CANADA: Driving the differentiation bus

Differentiation of institutional mission in Canadian higher education seems inevitable and undisputed. But how to drive the "differentiation bus" across the sector was the question that framed discussions at an armchair panel session of the recent Stepford Universities? conference.

Organised by Higher Education Strategy Associates (HESA), the conference at Toronto's Sutton Place Hotel last month brought together nearly 70 higher education administrators, policy-makers and academic faculty to discuss responses to diminishing higher education funding and the imperative to maintain the quality of the undergraduate experience.

Key to the conference mandate was the theme of isomorphism; that is, the phenomenon in terms of which universities - over the past two decades - are said to have acquired similar characteristics in their attempts to compete for an ever-diminishing slice of the governmental funding pie.

It is a well-accepted fact that the financial situation faced by Canada's universities and colleges will not be improving any time soon.

So how best to realise outcomes ranging from improving global competitiveness within the sector and institutional accountability to ensuring programme quality and guaranteeing financial sustainability?

Panelists Ian Clark, Bonnie Patterson and Hans Vossenstyen attempted to answer this question in the session "Incentive Structures vs the Market", by focusing on the nature of current funding constraints, the adoption of future strategies and the identification of change drivers.

A professor in the School of Public Policy and Governance at the University of Toronto and co-author of Academic Transformation: The forces reshaping higher education in Ontario, Clark began by commenting on the way unregulated university markets behave in developed countries.

They are, he claimed, incapable of sustaining a differentiated higher education system able of to provide high quality, cost-effective undergraduate education.

For this reason, he and his Academic Transformation co-authors stress the imperative of governments to articulate what they want the publicly financed higher education system to look like and to design carefully the regulations and financial incentives that will steer the system in that direction.

It is contended that higher education would benefit from a more differentiated system in which teaching- and research-oriented institutions would operate more seamlessly alongside the community college sector. This paradigm would not only support accessibility to quality education for all students, but also maintain competitive excellence in research.

But the danger of adopting such a system could be to undermine the modus operandi of already well-articulated institutions, observed Bonnie Patterson, the former president and vice-chancellor of Trent University and current president and CEO of the Council of Ontario Universities.

Whatever change is effected must occur on an incremental basis. Indeed, "you can't change an institutional profile overnight". Instead, she concluded, universities should work to devise more effective tools for measuring learning outcomes - letting those metrics determine the direction of change.

Moreover, Patterson questioned whether it would be possible for universities to have prestige without a research mandate. She stressed that whether directed by a government or institution, a differentiation process must occur with clarity, trust, respect and transparency. Importantly, whatever direction is chosen, it is crucial that there are no unintended consequences associated with realising that objective.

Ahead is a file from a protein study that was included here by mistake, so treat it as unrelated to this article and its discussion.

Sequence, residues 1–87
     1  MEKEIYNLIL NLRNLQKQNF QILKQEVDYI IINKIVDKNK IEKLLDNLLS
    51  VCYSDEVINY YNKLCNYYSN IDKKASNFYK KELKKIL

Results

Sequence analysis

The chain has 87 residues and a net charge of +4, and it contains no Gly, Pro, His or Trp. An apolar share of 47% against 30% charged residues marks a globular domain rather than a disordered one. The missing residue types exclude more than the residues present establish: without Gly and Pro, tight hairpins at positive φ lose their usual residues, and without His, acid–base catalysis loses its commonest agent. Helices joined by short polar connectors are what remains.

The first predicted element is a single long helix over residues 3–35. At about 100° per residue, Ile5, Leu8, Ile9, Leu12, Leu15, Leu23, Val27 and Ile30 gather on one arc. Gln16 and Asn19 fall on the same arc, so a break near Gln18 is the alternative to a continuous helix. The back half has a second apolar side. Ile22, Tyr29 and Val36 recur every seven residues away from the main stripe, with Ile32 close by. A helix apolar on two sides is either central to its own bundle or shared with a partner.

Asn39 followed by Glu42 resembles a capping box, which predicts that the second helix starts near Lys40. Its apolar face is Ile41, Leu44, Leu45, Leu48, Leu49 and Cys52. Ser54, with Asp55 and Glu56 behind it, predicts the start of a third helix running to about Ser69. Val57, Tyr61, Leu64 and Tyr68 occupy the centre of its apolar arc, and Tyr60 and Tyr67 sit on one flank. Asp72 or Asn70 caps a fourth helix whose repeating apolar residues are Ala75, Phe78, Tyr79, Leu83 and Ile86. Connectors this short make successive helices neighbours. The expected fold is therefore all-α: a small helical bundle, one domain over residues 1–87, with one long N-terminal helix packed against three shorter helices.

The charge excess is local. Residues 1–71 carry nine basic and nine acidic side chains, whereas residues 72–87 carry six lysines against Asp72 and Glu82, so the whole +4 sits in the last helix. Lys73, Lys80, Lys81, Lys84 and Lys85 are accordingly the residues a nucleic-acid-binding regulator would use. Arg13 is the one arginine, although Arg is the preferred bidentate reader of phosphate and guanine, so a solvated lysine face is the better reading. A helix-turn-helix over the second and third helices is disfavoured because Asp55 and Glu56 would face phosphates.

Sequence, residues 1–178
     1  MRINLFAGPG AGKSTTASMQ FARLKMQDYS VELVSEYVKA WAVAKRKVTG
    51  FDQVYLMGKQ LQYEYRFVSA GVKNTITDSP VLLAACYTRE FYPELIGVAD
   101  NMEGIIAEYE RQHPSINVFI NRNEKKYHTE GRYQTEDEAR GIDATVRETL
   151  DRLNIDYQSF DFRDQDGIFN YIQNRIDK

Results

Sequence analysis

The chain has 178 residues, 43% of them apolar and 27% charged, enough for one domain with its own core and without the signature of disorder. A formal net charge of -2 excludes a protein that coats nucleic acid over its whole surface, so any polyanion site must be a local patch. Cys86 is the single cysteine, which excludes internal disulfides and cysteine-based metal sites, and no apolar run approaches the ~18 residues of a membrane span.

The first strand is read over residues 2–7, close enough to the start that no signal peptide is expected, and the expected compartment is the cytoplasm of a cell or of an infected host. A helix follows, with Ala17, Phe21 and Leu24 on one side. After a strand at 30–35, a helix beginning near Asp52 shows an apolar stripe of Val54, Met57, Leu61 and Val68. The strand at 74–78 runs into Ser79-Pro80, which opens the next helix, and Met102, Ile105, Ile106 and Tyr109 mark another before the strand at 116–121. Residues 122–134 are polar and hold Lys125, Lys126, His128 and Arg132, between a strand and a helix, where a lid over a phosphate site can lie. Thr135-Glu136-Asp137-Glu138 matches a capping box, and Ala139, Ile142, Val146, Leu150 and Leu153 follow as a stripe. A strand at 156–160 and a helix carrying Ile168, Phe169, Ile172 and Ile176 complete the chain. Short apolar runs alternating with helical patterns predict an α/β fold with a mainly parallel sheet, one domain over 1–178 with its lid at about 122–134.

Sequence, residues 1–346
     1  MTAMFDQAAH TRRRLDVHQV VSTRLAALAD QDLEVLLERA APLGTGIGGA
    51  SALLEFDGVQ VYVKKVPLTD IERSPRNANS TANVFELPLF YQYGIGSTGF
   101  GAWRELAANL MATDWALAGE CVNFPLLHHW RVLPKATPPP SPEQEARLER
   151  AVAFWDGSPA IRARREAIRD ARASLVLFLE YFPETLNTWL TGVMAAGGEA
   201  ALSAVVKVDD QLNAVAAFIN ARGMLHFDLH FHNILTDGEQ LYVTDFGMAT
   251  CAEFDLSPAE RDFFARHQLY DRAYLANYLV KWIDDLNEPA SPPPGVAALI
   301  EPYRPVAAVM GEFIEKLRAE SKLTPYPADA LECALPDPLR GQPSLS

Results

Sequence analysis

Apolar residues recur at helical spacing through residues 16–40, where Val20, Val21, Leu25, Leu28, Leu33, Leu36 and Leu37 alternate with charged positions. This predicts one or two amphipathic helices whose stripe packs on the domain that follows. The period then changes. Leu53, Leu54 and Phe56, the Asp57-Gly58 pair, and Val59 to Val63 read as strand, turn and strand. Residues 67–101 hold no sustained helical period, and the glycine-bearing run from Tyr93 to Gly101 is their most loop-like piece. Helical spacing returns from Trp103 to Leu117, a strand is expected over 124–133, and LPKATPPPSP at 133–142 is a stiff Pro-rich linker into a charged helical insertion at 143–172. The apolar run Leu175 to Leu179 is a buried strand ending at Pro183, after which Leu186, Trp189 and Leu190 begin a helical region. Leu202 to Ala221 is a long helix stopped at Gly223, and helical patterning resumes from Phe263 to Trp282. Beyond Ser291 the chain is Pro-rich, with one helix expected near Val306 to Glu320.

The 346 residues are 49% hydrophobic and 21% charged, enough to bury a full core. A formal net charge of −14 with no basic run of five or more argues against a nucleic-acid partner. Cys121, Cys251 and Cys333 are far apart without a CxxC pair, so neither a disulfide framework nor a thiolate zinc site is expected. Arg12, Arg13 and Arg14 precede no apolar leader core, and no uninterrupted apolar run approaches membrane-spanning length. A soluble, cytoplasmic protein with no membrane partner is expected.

Taking Europe as an example, Hans Vossensteyn, of the Twente Centre for Higher Education Policy Studies in the Netherlands, noted that it is possible to view institutions through the prism of "different types of prestige", where individual universities develop their own strategies in the context of financial pressures and incentives.

He referred to the European Union's global database of universities (U-Multirank) in which universities will be ranked according to more nuanced performance and output assessments, observing that such a model tends to encourage differentiation within - rather than between - institutions.

And, indeed, this is an approach not unfamiliar to many Canadian universities.

Responding to the session, delegate Marilyn Rose, a professor of English and former dean of graduate studies at Brock University, observed: "Universities in Ontario already see themselves as differentiated in terms of the programme mix they offer and the missions they define for themselves. They see themselves as inherently different from one another - defined, distinctive and discrete."

She added that no one university "wishes to surrender its nuanced, historic and locally-responsive 'identity' in favour of a more binary system that would define some as 'undergraduate focused' and some - by implication - as the opposite."

Whatever road is taken, the process is still in its infancy, but as conference organiser and president of HESA, Alex Usher, noted, the meeting presented an opportunity to discuss issues associated with and responses to isomorphism in Canadian higher education.

In the context of better understanding the risks and benefits of differentiation of institutional mission, he stressed the importance of building "a foundation for intelligent dialogue on [the] topic". Those who attended the conference had been empowered to contribute to the debate and "sow the seeds for a fruitful discussion over the months and years to come".

What is certain is that the differentiation bus will be driven carefully in order to enhance and to appreciate - and thus preserve - the rich diversity of Canada's higher education landscape.

* The full title of the conference was "Stepford Universities? Differentiation of mission in the new higher education landscape".